In my case, I like to stick to my morning ritual of easing into the writing. After breakfast, I linger over coffee as I check my emails, Twitter and other social media. Once I finish drinking  two cups of coffee, I start writing. When I hit a writer’s block, I follow Julia Cameron‘s advice from her inspirational books—The Artist’s Way, Walking In the Wind, The Prosperous Heart—and get myself back on track. I  enjoy the morning pages, twenty-minute walks and artist’s dates.

Any other muses out there? I’d love to hear about the eccentric ones.

Book Review: The Prosperous Heart

The author of more than thirty books—fiction and nonfiction—Julia Cameron is best known for her international bestseller, The Artist’s Way, which has helped millions of people realize their creative dreams. While conducting lectures and facilitating workshops over a thirty-five year period, Cameron discovered that many of her students did not want to talk about money and felt they could handle anything but money. She decided to write The Prosperous Heart, a book that would give her students “the tools to address their money issues directly while maintaining spiritual balance and an active creative life.”

Fans of Cameron’s books will recognize two of the tools: Morning Pages (three hand-written stream-of-consciousness journal pages written each morning) and a twenty-minute daily walk. New tools include Counting, recording each penny earned and saved in a small journal; Abstinence, a complete abstaining from any further debt; and Time-Outs, two five-minute periods of sitting quietly to consciously count your blessings or simply rest.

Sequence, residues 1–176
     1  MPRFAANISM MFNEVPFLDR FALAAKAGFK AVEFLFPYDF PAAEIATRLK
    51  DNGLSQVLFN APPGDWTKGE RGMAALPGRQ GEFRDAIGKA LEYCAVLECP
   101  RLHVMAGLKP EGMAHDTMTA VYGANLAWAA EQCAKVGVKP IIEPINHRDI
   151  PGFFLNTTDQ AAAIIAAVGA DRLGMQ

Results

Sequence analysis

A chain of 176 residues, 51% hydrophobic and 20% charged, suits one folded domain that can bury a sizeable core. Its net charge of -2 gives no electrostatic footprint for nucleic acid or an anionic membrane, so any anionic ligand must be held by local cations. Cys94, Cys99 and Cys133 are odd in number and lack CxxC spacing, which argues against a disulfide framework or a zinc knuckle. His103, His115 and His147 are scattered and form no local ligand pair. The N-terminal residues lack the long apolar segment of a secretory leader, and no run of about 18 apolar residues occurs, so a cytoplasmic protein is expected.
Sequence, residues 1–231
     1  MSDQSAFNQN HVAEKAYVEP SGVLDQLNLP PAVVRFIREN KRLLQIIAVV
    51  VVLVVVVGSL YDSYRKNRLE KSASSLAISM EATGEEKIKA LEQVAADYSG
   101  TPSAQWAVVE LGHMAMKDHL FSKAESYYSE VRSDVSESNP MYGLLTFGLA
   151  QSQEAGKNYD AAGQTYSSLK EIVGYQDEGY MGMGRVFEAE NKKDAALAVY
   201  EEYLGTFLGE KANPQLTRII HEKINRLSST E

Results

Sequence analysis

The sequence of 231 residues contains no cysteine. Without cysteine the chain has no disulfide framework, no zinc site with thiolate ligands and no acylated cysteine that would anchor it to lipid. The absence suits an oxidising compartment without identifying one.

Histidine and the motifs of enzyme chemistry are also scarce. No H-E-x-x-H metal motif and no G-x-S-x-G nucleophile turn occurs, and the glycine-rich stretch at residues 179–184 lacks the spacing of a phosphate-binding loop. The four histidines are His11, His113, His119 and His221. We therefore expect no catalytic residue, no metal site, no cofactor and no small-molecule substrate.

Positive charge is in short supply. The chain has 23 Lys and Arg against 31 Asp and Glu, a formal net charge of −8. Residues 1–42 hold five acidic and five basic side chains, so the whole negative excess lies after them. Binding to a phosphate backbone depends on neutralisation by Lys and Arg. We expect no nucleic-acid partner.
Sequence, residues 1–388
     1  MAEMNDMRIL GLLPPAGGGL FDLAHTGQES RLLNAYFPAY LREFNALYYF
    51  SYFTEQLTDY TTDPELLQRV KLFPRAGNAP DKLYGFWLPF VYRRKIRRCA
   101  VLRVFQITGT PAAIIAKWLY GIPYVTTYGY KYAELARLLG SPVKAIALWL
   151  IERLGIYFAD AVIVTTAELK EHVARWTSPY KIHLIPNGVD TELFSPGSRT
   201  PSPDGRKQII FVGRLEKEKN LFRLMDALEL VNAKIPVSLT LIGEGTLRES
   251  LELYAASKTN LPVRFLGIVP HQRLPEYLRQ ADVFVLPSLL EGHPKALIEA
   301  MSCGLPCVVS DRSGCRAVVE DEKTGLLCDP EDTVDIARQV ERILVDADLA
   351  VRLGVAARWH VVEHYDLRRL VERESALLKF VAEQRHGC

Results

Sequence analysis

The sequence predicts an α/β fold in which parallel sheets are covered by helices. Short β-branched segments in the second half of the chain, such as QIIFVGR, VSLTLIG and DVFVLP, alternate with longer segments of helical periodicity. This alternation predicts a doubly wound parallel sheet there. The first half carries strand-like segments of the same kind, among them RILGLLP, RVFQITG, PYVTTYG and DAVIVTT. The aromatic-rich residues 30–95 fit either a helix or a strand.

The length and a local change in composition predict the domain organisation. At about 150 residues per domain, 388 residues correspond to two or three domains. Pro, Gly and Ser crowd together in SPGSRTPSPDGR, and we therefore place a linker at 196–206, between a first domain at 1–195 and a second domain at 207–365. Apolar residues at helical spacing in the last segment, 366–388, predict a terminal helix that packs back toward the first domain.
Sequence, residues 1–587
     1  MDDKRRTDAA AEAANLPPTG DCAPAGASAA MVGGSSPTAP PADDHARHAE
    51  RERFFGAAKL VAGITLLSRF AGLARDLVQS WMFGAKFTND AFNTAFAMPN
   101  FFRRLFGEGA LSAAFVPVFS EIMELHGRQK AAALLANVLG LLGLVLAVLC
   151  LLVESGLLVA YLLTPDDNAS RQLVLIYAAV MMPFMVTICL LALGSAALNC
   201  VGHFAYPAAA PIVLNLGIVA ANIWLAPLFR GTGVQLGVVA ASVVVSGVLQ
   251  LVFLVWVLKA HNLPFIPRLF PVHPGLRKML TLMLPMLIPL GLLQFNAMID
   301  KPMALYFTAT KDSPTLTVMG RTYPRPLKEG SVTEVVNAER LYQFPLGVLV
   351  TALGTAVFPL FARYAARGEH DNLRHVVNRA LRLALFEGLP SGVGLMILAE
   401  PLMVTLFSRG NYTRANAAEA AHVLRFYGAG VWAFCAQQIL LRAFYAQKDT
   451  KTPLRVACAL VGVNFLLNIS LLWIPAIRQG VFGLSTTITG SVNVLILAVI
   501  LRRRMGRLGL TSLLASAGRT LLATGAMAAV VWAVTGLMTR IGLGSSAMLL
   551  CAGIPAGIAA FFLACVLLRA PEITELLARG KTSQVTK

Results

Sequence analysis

Cameron provides short exercises to complete as we go through the 12-week program and at the end of each chapter (week), there is a check-in and a list of “prosperity points.” She advises us to “choose the exercises you are most attracted to and the ones you are most resistant to. Our resistance often points us toward ‘pay dirt.’”

While guiding us through the prosperity plan, Cameron encourages us to be open to the unexpected gifts and answers that may appear along the way. In describing her recent move from New York to Santa Fe, Cameron demonstrates what can happen when we step out of our comfort zones. She explains, “I often find when my students shake the apple tree, oranges fall. And oranges may have been just what they were looking for after all.”

She stresses the need to accept even the smallest steps as progress and makes comparisons to other 12-step programs. In the chapter on forgiveness, she advises us to let go of “feelings, beliefs, and circumstances that do not serve you” and “open the door to allow the Higher Power to co-pilot your life.” While she liberally uses the word God throughout the book, she encourages readers to make their own substitutions.

Unlike other financial gurus, Julia Cameron does not preach or scream her message as she addresses the practical side of the creative life. The tone is a much gentler one which recognizes the greyness that often surrounds money issues. When outlining the prosperity plan, she reminds us that we will “slip backward and revert to old spending habits.” But the important thing is not to be discouraged. She ends the book with the following message: “Living a prosperous life means living a day at a time. It means starting over each morning, forgiving ourselves and beginning anew when we make mistakes, picking ourselves up when we fall, keeping on track.”